We have several favourite tracks into the forest that we take, experience telling us that generally you need to get quite a long way away from roads and people to stand the best chances of seeing the "Horse of the Woods". We weren't up particularly early either, setting out at 07:00, a good three hours after day break, since many of our better sightings of Capercaillies had been later in the mornings and even after midday. We walked away from the parking area leaving our car alone under the trees. The trees towered above us on all sides filtering the pleasant sunshine through and already casting shadows across the way. It was a beautiful morning, the type that I live for. To my mind there is no better place to be in the entire world than a Scottish Pine Forest on a fabulous fresh morning. This morning the forest was eerily quiet though and I wondered, not for the first time on this trip, where were all the birds? I couldn't hear any Willow Warblers singing or calling and very few Chaffinches, the most common inhabitant here, were heard either. Another worrying sign that birds have had a very hard winter and spring and are sadly in decline.
We had walked a fair way, already over the bridge that crosses the Nethy river where we'd watched a wonderful juvenile Dipper a couple of years ago, and still the quietness remained. Don't get me wrong, I love the tranquility, but would just like to hear a bit more birdsong. On reaching the crossroads of tracks we headed straight on uphill. This was where we gratefully encountered the first birds of the walk with a Common Redstart singing from a dead tree and a Spotted Flycatcher (thankfully added to Mrs Caley holiday list) flitting from branch to branch. Finally we heard a Willow Warbler singing in a small stand of birch trees by a small tributary stream of the river Nethy. The path winds up through some really old Scots pines and a valley cut by the stream falls away to the right while more trees straddle the slope to the left. We heard the soft trill of a Crested Tit high above us in the canopy. It took a few minutes but we finally located not one but two of these fabulous little birds as they very actively fed in the many nooks and crannies in the branches. A further five minutes was needed before either of the birds presented themselves closely enough to photograph.
Now we were zoned in lots of birds followed onto the day list, nothing rare but it was encouraging to finally be seeing birds in good numbers. Tree Pipits sang right at the tops of the tallest trees, hurtling themselves skywards before descending parachute like back to the treetop and continually singing throughout the whole show. Spotted Flycatchers were seen in good numbers but all were proving impossible to capture via the camera. We came across a number of fallen trees that would have been taken by a winter storm. A line of felled giants lay in a straight across the forest suggesting that a very strong "tornado" or similar must have travelled directly through the forest. These trees are huge, in British terms, and must take some blowing over! A pair of Common Redstarts had decided to build a nest in the upturned roots of one of the prone trees and we watched them busily take material to the construction site. The female of the pair posed momentarily on a nearby branch.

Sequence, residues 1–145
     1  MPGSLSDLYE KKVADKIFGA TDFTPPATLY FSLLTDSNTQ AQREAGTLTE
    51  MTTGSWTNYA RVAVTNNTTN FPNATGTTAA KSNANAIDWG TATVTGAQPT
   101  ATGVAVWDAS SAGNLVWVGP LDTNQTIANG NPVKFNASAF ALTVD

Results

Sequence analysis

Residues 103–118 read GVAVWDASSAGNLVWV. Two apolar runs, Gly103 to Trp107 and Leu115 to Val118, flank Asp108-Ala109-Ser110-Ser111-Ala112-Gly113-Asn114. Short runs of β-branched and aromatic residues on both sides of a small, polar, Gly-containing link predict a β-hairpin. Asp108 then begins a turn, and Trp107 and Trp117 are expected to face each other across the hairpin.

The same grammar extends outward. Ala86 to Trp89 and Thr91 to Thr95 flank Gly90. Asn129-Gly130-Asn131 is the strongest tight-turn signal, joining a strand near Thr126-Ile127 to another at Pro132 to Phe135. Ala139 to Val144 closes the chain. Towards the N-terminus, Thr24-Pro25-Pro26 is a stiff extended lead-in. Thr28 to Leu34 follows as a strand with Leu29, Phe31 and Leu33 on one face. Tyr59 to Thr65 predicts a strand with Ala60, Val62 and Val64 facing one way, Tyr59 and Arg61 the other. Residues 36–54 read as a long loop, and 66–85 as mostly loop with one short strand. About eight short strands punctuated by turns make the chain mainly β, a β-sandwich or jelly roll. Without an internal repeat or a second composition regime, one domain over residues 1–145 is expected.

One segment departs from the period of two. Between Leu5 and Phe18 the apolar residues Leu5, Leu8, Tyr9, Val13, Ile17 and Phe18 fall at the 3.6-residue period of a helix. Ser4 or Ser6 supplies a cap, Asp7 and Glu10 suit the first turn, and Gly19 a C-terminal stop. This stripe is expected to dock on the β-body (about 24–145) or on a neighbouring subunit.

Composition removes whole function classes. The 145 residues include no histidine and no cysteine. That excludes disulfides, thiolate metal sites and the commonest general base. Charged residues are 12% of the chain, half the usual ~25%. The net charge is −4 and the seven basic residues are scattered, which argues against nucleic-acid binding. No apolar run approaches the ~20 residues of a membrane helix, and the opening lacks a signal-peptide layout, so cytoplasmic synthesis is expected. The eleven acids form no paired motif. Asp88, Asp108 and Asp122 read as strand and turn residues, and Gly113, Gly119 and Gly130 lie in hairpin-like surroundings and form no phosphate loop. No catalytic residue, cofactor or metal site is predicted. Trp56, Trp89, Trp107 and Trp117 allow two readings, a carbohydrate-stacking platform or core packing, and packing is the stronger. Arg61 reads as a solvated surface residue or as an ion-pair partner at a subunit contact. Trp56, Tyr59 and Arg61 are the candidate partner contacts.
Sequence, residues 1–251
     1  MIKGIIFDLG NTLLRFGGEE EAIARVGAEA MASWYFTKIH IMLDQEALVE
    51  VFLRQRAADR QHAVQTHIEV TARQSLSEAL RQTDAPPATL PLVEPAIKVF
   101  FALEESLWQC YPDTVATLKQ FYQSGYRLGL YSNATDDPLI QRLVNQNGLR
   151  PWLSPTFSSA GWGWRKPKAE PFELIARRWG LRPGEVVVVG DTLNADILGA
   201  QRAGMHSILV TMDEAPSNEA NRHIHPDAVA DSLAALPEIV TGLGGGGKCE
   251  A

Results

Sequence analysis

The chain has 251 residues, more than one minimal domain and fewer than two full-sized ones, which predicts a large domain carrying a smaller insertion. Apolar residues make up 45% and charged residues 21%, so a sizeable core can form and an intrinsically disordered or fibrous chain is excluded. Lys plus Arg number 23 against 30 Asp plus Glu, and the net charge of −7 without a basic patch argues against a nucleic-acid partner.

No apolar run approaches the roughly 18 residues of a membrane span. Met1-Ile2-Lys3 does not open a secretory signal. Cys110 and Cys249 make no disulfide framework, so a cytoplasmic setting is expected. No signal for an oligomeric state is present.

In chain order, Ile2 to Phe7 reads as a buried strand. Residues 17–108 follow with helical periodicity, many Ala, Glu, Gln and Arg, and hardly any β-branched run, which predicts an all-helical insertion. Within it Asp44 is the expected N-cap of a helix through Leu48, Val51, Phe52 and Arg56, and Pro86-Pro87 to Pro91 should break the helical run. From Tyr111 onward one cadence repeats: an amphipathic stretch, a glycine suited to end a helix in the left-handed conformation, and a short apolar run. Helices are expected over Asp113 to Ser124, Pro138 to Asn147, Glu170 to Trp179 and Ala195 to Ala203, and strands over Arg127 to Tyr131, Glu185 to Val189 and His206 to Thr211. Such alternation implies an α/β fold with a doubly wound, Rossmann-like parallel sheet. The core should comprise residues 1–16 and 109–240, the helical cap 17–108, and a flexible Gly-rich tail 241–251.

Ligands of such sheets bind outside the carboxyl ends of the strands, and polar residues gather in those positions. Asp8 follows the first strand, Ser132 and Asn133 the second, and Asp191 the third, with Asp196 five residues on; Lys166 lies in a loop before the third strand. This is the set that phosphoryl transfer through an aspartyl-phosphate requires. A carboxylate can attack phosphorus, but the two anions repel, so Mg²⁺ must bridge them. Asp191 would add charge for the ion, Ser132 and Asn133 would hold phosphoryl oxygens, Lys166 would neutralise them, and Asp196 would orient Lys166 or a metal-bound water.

The path emerges from the trees onto a wider vehicle track that continues further past a Lochan and into the hills beyond. The area by the confluence of these ways is a good area for seeing Capercaillie since there is a wide turning area and lots of small pine saplings, which they love to eat. We've had a fair few close encounters with the biggest of the grouse species here over the years including a hen that flew around us a few times indicating a nest site or even the presence of young chicks. On that occasion we moved away quickly so as to minimise disturbance. This morning there was no immediate sign of any Capercaillie, although we did see some fresh looking droppings, so they were thankfully still in the area.
I could hear Crossbills calling from the last few trees before open moorland takes over. The landscape is being re-wilded here and lots of new Scots pines are growing fast and enlarging the existing forest which can only be good news for the Capercaillie and the other forest dwellers. The Crossbills were located feeding in one of the pines and we watched from afar slowly edging closer in order to get better views. There were at least nine of the finches including many juveniles but which Crossbill species were they? In Scotland there are either two or three separate species of Crossbill depending on which school you adhere to. Everybody accepts that there are Common and Parrot Crossbills present but some authorities also lay claim to a Scottish Crossbill which by design is an endemic species. The differences between the three are slight, Common's have the smallest bills and the highest pitched calls whereas Parrots have the largest bills and deepest calls. Scottish are intermediate between the two. The calls of these birds were definitely closer to the "kup, kup" call of the Parrot Crossbill rather than the "djlip, djlip" of the Common Crossbill. They were also feeding in a Scots pine tree which apparently Common Crossbills generally don't do. Unfortunately records of Scottish Crossbill are only accepted on call and a recording has to be submitted and I completely forgot to take any video since I was too busy taking photos! I suspect that these birds were indeed Scottish Crossbills since the bills were fairly hefty as well as them having the deeper call. See Crossbills for an account and pictures of both Common and Parrot Crossbills that I saw in Surrey on New Year's Day this year.
|Crossbills (probably Scottish), female (top 3), juvenile (bottom 2)|